_{eff}**19**, 2322–2330 (2002). [CrossRef]

**19**, 2331–2340 (2002). [CrossRef]

**19**, 2322–2330 (2002). [CrossRef]

**19**, 2331–2340 (2002). [CrossRef]

*p*= 1) mode were provided, with the imaginary part of

*n*pushed down to 10

_{eff}^{−11}. We thus compare first our analysis of this sixth mode with that of [19

**19**, 2331–2340 (2002). [CrossRef]

**19**, 2322–2330 (2002). [CrossRef]

**19**, 2331–2340 (2002). [CrossRef]

*d*= 5

*μ*m, the hole pitch Λ = 6.75

*μ*m, and the silica background with index

*n*= 1.45. Figure 3(b) shows the domain and mesh division profile including the UPML regions employing the Chebyshev-Gauss-Lobatto grid points, where 32 subdomains are adopted and the mesh pattern of each subdomain depicted is for polynomials of degree

*M*=

*N*= 8, corresponding to (8 + 1)

^{2}× 2 × 32 = 5184 total unknowns in the eigenvector for the transverse magnetic field components. According to [18

**19**, 2322–2330 (2002). [CrossRef]

*n*for the sixth mode (with class

_{eff}*p*= 1 as designated in [18

**19**, 2322–2330 (2002). [CrossRef]

*μ*m would be 1.438364934 –

*j*1.41647 ×10

^{−6}and the real and imaginary parts converge to 10

^{−9}and 10

^{−11}, respectively. In our calculations, we obtain the corresponding

*n*values as 1.43836493417887 –

_{eff}*j*1.41647611 × 10

^{−6}when

*M*=

*N*= 20 is used and 1.43836493417887 –

*j*1.41647598 × 10

^{−6}when

*M*=

*N*= 22 is used, which agree with that of [19

**19**, 2331–2340 (2002). [CrossRef]

*n*

_{eff, ref}= 1.438364934178 –

*j*1.416476 ×10

^{−6}(with 10

^{−12}precision in both the real and the imaginary parts) as a reference to discuss our calculation results using the PSMS-UPML under different UPML parameters. In Fig. 3(a), the computational window sizes are

*W*=

_{x}*W*= 15.75

_{y}*μ*m, the UMPL thicknesses are

*d*=

_{x}*d*= 2

_{y}*μ*m, and the operating wavelength is

*λ*= 1.45

*μ*m. Figures 4(a) and (b), respectively, show the relative errors (RErs) in the real and the imagniary parts of

*n*of the sixth mode relative to the above-mentioned

_{eff}*n*

_{eff, ref}with respect to the number of unknowns for different reflection coefficient values (

*R*= 10

^{−6}, 10

^{−7}, 10

^{−9}, 10

^{−10}, 10

^{−15}, 10

^{−17}, 10

^{−20}, 10

^{−40}, 10

^{−50}, 10

^{−60}, and 10

^{−70}). Note that the reference value is obtained with

*R*= 10

^{−70}. It is seen that in both figures the RErs with

*R*≤ 10

^{−40}can drop to as small as on the order of 10

^{−10}but not for

*R*> 10

^{−40}. Note that in Fig. 4(b), the REr of Im[

*n*] for

_{eff}*R*= 10

^{−7}appears to be smaller than those using 10

^{−9}≥

*R*≥ 10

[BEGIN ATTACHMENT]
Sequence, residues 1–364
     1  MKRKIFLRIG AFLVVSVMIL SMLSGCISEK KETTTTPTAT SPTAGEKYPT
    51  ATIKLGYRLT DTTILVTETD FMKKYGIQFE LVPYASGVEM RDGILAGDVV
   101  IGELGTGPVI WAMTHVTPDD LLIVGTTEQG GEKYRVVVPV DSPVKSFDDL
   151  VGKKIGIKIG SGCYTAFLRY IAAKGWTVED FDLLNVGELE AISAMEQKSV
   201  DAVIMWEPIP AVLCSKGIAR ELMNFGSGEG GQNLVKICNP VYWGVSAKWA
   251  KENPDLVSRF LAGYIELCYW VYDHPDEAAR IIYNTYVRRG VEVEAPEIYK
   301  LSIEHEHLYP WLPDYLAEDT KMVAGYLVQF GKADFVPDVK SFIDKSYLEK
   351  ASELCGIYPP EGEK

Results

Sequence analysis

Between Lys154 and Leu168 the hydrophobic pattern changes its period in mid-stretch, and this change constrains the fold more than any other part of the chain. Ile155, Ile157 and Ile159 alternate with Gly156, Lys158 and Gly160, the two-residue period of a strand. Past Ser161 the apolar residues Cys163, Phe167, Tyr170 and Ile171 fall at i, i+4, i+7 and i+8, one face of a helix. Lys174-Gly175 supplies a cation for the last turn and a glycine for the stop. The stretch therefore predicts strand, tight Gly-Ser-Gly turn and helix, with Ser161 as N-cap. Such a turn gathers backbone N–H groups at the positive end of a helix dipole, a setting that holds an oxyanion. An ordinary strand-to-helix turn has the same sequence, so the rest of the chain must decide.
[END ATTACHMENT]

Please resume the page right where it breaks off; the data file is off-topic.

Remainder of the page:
^{−20}. However, Fig. 4(a) shows that the REr of Re[

*n*] for

_{eff}*R*= 10

^{−7}is only better than that for

*R*= 10

^{−6}. We thus examine the total relative error of the complex

*n*, expressed as TREr(

_{eff}*n*) and defined as TREr(

_{eff}*n*) = |

_{eff}*n*–

_{eff}*n*

_{eff, ref}|. The TREr(

*n*)’s versus the number of unknowns are shown in Fig. 5(a), where it is seen that the TREr(

_{eff}*n*) for large number of unknowns is better with the smaller

_{eff}*R*, i.e., TREr(

*n*)

_{eff}_{R=10−6}> TREr(

*n*)

_{eff}_{R=10−7}> TREr(

*n*)

_{eff}_{R=10−9}> TREr(

*n*)

_{eff}_{R=10−10}> ⋯ > TREr(

*n*)

_{eff}_{R=10−70}. However, in Fig. 5(a), the dependence on

*R*of the convergence behavior does not follow this trend when the number of unknowns is smaller than 6400 for TREr(

*n*) < 10

_{eff}^{−7}. This fact could lead to the wrong conclusion that the optimal

*R*values are within 10

^{−6}∼ 10

^{−12}when analysis methods of limited accuracy are employed since they could not achieve sufficiently low TREr values to reach better numerical convergency. The maximum number of unknowns used in Figs. 4 and 5(a) is 28224, corresponding to

*M*=

*N*= 20. For this enough high polynomial degree, the TREr(

*n*) versus

_{eff}*R*is plotted in Fig. 5(b), which shows the decrease of TREr(

*n*) with decreasing

_{eff}*R*until

*R*= 10

^{−40}, in consistent with the PML principle that

*R*→ 0 for the ideal PML.

*n*]’s and Im[

_{eff}*n*]’s corresponding to the

_{eff}*R*= 10

^{−70}results in Fig. 5(a) are listed in Table 2 for different polynomial degrees and numbers of unknowns. In Table 2 and the following Tables, the digits of each effective index are shown down to the place of 10

^{−14}. It can be seen that our results with

*M*=

*N*= 18 have already agreed with the obtained value of [19